Anyone that has had chicken pox knows it can be very unpleasant. It is caused by the varicella zoster virus and affects people at different degrees. Once the virus has been transmitted you won’t know you have it until you start seeing spots appear. Unfortunately, you become infectious two days prior to this which can be a nuisance and a sneaky way for the virus to ensure it gets itself passed around.
How can you Catch Chicken Pox?
The spots that develop are full of bacteria and scratching helps to release these, spread the infection and cause scaring.
Chicken pox can be caught by just being near someone with the virus either whilst having a face to face conversation or even just being in the same room for about 15 minutes. Touching the blisters or an object the person has been in contact with (that has been contaminated) can also help pass the virus on.
(Check out Mr Squishy’s chicken pox!!!!!)
Would you believe we had a spate of it in the children’s school and neither of my girls managed to catch it even though we did all of the above. The girls even went to a friends house with the intention of catching the virus so we could get it over and done with – you’ve all heard of chicken pox parties haven’t you, well we were trying a chicken pox playdate. I remember watching the girls actually touching their friends chicken pox and sods law we got nadda, not a blooming sausage, how frustrating! We had even gotten the kids to get extremely close in desperation and still ziltch. Another playdate with a contaminated child eventually resulted in success to my surprise having given up hope. Insane hey, wanting to get a virus but there is method in my madness.
As we age our skin loses the ability to heal as well as when we are younger so when those dreaded itchy chicken pox get scratched an adult is more likely to be left with scar tissue. As well as this it’s better to get it out of the way as a child as it won’t cause such a great impact on their school work at the lower levels. It is also suggested that getting chicken pox from someone that is not a family member is better than when it is passed from one sibling to the next it seems the sibling that gets it next will get it worse than the brother or sister that had it initially. I strongly agree with this having seen it progress as it went from one of my children to the next. This is thought to be due to the increased exposure they get as they are in greater contact with siblings than children at school. Another reason why getting this virus is better in childhood is that it result in more serve symptoms in adults.
I know some might wonder why we don’t just get children vaccinated to prevent them getting it in the first place. The vaccination is not available on the NHS for healthy children so can cost up to £100 not much in the scheme of things but what is an important factor to consider is that if you get Chicken pox and are then re exposed to the virus later the you get an added boost in your immunity against shingles which trust me you really don’t want!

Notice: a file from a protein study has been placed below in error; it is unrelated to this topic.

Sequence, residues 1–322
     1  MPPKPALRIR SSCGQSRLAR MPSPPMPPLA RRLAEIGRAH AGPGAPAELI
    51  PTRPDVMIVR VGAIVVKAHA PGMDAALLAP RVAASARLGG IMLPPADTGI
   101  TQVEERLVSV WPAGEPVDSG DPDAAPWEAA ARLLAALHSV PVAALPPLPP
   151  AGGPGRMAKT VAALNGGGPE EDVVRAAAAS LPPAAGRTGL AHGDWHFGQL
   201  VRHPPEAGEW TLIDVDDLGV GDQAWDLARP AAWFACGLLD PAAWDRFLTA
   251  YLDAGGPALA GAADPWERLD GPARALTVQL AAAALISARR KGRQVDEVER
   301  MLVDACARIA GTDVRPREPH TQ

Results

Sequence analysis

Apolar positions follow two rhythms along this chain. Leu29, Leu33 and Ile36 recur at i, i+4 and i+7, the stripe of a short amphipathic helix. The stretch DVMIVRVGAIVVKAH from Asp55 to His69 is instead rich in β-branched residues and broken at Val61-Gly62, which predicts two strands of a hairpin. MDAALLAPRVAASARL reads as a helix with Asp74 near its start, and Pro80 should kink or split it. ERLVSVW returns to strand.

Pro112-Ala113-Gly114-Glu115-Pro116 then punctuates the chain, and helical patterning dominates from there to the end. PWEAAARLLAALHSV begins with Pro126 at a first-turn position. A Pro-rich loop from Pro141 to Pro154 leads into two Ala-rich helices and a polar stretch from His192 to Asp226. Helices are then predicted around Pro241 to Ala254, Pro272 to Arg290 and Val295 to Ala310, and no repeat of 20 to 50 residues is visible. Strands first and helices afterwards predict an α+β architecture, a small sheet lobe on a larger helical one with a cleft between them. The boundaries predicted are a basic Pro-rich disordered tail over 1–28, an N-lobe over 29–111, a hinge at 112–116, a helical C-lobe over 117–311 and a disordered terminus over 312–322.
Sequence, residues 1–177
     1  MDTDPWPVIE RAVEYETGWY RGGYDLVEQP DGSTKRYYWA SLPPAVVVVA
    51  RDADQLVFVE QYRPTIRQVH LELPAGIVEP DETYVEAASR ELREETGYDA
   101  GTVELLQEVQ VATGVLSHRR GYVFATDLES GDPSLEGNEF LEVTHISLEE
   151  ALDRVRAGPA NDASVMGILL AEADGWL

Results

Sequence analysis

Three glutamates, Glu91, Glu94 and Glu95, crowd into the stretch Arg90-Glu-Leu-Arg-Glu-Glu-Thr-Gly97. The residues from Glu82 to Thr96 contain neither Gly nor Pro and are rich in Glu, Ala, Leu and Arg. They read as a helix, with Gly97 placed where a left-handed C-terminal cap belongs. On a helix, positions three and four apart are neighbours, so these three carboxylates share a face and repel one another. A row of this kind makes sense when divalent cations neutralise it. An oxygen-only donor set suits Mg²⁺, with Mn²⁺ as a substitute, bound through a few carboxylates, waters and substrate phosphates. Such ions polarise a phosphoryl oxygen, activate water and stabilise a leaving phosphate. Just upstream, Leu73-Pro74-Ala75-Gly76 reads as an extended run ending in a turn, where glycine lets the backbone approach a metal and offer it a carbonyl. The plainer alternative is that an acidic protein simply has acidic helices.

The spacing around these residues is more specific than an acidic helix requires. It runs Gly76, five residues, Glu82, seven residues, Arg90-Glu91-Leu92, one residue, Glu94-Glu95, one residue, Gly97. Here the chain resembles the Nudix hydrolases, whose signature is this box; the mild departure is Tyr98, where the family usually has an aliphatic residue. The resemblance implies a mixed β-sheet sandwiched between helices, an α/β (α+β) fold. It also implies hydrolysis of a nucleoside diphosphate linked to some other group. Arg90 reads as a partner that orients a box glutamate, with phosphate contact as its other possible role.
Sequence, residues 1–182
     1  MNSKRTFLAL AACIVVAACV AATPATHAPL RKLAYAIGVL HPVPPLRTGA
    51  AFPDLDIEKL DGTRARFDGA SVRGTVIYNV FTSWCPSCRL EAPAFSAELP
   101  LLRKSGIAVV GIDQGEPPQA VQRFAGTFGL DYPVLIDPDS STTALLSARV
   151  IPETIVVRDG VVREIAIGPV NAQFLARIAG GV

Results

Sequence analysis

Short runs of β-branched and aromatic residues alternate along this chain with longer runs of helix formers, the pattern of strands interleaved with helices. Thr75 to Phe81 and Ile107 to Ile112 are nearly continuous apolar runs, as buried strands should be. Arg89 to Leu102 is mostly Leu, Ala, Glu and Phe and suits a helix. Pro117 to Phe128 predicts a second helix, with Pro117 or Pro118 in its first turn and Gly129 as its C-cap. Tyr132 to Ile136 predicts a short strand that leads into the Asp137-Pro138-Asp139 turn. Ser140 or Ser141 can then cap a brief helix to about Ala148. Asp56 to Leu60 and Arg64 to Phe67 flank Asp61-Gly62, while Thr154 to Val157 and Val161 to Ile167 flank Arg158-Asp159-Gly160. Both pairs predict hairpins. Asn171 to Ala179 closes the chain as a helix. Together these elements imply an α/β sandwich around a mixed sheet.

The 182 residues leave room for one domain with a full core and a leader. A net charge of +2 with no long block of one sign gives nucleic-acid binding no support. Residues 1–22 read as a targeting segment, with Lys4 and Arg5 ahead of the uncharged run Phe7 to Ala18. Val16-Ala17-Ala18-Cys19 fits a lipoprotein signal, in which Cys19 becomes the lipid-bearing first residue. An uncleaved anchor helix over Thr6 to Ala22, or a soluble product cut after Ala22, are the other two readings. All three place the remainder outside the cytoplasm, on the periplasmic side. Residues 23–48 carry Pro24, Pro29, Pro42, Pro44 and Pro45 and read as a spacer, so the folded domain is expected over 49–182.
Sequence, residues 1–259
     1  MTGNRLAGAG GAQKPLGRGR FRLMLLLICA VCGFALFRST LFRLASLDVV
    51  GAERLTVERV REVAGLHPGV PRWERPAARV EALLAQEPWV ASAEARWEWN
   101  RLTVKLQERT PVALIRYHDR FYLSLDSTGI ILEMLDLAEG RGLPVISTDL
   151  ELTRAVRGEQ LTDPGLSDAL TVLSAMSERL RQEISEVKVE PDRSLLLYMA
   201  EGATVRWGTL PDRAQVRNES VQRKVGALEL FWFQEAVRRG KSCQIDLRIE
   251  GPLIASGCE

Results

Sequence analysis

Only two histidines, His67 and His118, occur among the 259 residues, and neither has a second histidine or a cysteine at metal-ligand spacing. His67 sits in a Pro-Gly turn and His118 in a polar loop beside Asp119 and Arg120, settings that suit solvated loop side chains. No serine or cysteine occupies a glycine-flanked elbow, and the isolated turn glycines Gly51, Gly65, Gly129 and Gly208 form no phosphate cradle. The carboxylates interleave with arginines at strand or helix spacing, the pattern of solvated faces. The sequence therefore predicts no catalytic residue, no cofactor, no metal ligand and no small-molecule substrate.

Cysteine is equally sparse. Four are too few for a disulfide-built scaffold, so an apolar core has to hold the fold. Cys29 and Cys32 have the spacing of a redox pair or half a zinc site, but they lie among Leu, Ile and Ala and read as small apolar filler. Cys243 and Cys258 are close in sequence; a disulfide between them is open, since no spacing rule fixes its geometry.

Chicken pox will normally last for 10 to 20 days and during the infectious stage (before the spots form scars) children do not go to school as they can of course infect others and also cause a possible risk to any expectant mothers that they may come in contact with.
Treating the Itching
Treating the itching of chicken pox is super easy and it has become much more refined in this day and age. Gone are the days of slopping the dreaded stinky Calamine Lotion all over your body with the aim to cover all the spots. That was my first go to when my kiddies had it because I had had it as a child but tracking down the stuff proved to be harder than I had initially expected. I then thought I would try going down the natural route and made an oat bath as this has a natural demulcent action (relives inflammation and irritation). The problem with this was getting it to cover the whole body and you had to have the oats in a muslin bag and squeeze this to get the best results which was pretty messy – thankfully it was in the bath.
I am aware that some use antihistamines orally to help prevent children scratching especially at night but we didn’t do this. Another product that I discovered was available is Care Virasoothe. This seems to be available everywhere so was the obvious choice. Not only will you find it in Sainsbury’s, Tesco and Asda it is also available in Boots and Lloyds pharmacy.
The Care Virasoothe is so much easier to apply than Calamine Lotion as it comes in either gel or spray-gel form and it really does seem to have a cooling effect on the skin and relieve itching so will assist in reducing the chance of scarring. Both forms are easy to apply and are messy free. Now for the science part – don’t worry it’s brief. The product utilises a unique osmotic action – drawing water from the dermis (lower level of the skin) into the epidermis (upper level of the skin) creating a cooling effect as it evaporates. Not only does this relieve the irritation but also protects the skin’s environment, allowing it to heal naturally which can help reduce long-term scarring.
It can be used from 6 months of age and is available from Boots, Pharmacies and Supermarkets nationwide. It’s soothing effect has been clinically proven to work which is also good to know.
Have you had chicken pox yet? If so what did you use to treat it?
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